Point Dume location of reported unregistered vehicles and unlicensed drivers
The Sheriff’s Department is sending extra patrols to Point Dume after many complaints of underage drivers operating golf carts around the neighborhood and reckless driving. Often, the golf carts appear to be unregistered without a necessary license plate if driven on public streets.
Malibu Public Safety Commission Chair Chris Frost addressed the issue at the Sept. 6 Public Safety Commission meeting and reminded the panel how dangerous it is when untrained, unsupervised, and underage kids are behind the wheel of a golf cart. Frost recalled in 2015 when his teenage neighbor “nearly lost her arm” in a golf cart accident, an incident that was covered by The Malibu Times. An underage driver flipped a golf cart carrying six minor passengers while going down the steep grade on Greyfox. One 11-year-old was airlifted out and another victim was taken to a hospital. Some of the victims, ages 11-16, were ejected from the vehicle as it flipped, while others were reportedly dragged up to 60 feet with the golf cart. The kids apparently were not wearing seat belts. Police at the time said there were no adults or supervision.
Los Angeles Sheriff’s Department Malibu Liaison Sgt. Christopher Soderlund wants to put unlicensed golf cart drivers on notice. The LASD Lost Hills/Malibu station has issued a flyer repeated on social media “as a reminder to residents if you’re going to operate a golf cart, it needs registration, a licensed driver, and insurance. We’re doing this proactively so they know the requirements. We’re reminding that people can get hurt and killed. We’ve been getting complaints about kids riding recklessly in golf carts and on electronic motor bikes on Point Dume.”
Soderlund noticed an uptick during a recent king tide when crowds came out to watch the surf. Parking enforcement issued some tickets and towed three golf carts. Some were not registered, and some were parked illegally.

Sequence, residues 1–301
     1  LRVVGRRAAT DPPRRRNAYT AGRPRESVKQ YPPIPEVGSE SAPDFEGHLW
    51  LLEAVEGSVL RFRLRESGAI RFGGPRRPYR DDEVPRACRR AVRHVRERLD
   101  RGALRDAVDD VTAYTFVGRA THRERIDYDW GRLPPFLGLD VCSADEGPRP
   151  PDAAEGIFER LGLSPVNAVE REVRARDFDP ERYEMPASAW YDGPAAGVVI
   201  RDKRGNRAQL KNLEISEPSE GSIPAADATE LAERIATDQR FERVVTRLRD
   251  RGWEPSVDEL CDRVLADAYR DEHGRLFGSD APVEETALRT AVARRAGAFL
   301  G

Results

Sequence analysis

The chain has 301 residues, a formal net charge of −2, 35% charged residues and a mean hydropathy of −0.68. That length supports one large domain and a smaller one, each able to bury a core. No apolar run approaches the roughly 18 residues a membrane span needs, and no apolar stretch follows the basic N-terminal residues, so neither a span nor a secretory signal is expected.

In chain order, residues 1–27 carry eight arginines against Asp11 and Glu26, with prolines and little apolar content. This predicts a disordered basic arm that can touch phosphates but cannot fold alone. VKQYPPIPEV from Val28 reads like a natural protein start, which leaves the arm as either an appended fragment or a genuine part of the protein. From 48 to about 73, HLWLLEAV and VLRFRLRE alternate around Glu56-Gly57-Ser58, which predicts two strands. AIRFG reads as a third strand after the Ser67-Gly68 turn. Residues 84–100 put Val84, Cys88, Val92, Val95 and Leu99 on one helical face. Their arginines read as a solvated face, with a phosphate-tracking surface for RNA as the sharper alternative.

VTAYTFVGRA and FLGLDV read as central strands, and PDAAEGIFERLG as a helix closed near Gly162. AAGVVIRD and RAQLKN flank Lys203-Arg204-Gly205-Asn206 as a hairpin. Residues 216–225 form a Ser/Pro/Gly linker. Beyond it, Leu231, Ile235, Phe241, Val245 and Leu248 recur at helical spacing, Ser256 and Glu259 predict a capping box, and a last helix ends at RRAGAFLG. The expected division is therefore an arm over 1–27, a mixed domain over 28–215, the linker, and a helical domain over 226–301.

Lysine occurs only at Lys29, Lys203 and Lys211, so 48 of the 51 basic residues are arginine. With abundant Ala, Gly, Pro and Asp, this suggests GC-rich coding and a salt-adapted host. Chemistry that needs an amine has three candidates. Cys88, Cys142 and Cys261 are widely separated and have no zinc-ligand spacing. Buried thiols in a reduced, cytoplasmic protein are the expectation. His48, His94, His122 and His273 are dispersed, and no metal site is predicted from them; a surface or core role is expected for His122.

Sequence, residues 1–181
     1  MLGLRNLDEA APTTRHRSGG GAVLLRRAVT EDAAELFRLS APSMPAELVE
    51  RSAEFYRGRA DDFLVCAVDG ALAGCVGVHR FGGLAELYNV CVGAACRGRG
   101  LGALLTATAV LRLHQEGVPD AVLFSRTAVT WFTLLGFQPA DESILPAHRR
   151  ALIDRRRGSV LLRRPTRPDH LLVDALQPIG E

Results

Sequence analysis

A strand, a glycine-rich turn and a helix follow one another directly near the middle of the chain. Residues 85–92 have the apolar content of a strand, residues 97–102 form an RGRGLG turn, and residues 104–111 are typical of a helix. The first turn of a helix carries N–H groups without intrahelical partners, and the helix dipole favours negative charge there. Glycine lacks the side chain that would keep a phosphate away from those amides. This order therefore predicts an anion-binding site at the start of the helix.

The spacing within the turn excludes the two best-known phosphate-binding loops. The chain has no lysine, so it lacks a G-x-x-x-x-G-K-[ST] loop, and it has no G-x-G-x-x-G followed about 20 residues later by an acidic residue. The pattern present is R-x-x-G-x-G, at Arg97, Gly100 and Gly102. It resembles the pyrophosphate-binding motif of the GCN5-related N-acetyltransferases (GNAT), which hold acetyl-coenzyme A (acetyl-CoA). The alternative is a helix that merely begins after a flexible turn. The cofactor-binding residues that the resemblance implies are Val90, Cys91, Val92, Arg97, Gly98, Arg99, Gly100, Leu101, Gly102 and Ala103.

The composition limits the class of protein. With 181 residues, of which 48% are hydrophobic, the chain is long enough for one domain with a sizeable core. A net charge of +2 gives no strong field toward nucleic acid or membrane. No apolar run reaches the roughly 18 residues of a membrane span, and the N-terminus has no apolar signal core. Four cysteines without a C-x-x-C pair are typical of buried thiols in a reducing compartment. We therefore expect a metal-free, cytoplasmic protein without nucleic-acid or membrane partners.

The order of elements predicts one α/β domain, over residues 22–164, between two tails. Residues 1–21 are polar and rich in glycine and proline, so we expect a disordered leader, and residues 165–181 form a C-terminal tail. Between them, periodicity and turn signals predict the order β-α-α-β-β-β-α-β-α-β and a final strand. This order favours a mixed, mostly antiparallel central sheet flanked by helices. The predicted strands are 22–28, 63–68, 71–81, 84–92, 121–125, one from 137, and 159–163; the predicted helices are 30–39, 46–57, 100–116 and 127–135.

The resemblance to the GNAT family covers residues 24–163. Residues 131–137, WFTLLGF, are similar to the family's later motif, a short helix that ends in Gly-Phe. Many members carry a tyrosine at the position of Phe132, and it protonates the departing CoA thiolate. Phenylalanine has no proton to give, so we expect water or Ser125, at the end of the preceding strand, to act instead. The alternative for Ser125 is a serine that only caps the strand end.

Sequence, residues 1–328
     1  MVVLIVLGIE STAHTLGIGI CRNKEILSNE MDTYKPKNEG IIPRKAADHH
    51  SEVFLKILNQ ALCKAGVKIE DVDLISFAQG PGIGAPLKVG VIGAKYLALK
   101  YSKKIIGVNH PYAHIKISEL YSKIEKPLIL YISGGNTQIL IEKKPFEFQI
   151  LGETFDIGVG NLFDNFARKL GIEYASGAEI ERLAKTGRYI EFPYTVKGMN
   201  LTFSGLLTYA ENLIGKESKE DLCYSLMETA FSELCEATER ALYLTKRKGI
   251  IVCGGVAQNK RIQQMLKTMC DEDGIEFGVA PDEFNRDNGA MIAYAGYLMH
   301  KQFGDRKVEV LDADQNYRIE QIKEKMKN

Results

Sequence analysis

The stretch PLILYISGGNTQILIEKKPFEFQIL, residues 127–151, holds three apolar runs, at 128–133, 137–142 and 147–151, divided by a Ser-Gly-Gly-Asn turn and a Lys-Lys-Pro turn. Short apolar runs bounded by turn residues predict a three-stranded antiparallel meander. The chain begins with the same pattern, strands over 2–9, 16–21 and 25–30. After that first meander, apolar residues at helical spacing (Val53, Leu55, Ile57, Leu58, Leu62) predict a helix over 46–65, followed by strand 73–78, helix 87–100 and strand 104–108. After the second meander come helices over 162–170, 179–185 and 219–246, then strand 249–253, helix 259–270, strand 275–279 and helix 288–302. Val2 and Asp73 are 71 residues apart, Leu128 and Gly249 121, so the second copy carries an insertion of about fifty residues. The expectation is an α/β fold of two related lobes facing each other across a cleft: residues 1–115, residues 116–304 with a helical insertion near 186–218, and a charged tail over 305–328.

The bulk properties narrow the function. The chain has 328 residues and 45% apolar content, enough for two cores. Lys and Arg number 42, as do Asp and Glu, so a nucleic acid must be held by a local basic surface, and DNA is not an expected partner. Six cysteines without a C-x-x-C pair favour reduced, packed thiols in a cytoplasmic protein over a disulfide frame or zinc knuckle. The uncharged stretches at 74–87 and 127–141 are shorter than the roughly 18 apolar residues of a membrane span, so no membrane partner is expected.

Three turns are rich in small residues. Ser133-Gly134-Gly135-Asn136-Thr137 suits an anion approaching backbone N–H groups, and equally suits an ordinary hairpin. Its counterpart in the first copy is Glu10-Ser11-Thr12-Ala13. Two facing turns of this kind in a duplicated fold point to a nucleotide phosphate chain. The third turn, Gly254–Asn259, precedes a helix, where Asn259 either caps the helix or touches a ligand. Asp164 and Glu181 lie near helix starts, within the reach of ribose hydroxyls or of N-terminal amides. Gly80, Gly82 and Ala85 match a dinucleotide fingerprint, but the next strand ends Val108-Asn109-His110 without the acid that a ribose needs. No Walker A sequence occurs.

Legal golf carts can only carry two passengers and travel up to 15 mph. Any golf cart modified to carry more riders is classified as a regular motor vehicle and must comply with DMV regulations for passenger vehicles. All vehicle codes apply.
The Sheriff’s Department is also concerned about electronic bikes, especially the ones without pedals. “They’re like electric dirt bikes,” according to Soderlund. “They can go anywhere from 25 to 50 mph. They’re not street legal. We’ve had reports of reckless driving. We’re trying to prevent anyone from getting hurt.”
Malibu Public Safety Commissioner Keegan Gibbs said, “I see kids ripping down the street, blowing stop signs.” Soderlund has seen them too and recently tried to pull over a young rider, but he said the minor rode away to evade a ticket and that he would not “endanger the public chasing them down.”
Soderlund added that some electric dirt bikes are not street legal and can be impounded.
At the Public Safety Commission meeting, Frost remarked, “The judgement of someone 12 or 13 in a golf cart is not the same as an adult. There’s a good reason they’re not licensed. This has been going on and getting ramped up for years. Now you go to the market and see them parked in the red zone.”
Frost added at the meeting the drivers are “kids.”
“Bottom line, it’s out of control. Worse than that the electric motorcycles,” he said, adding that if people complain about too many regulations his reply is, “I’m on the side of safety. This isn’t safe. License the golf cart. Get a VIN number. Do the right thing. Then you can drive it.”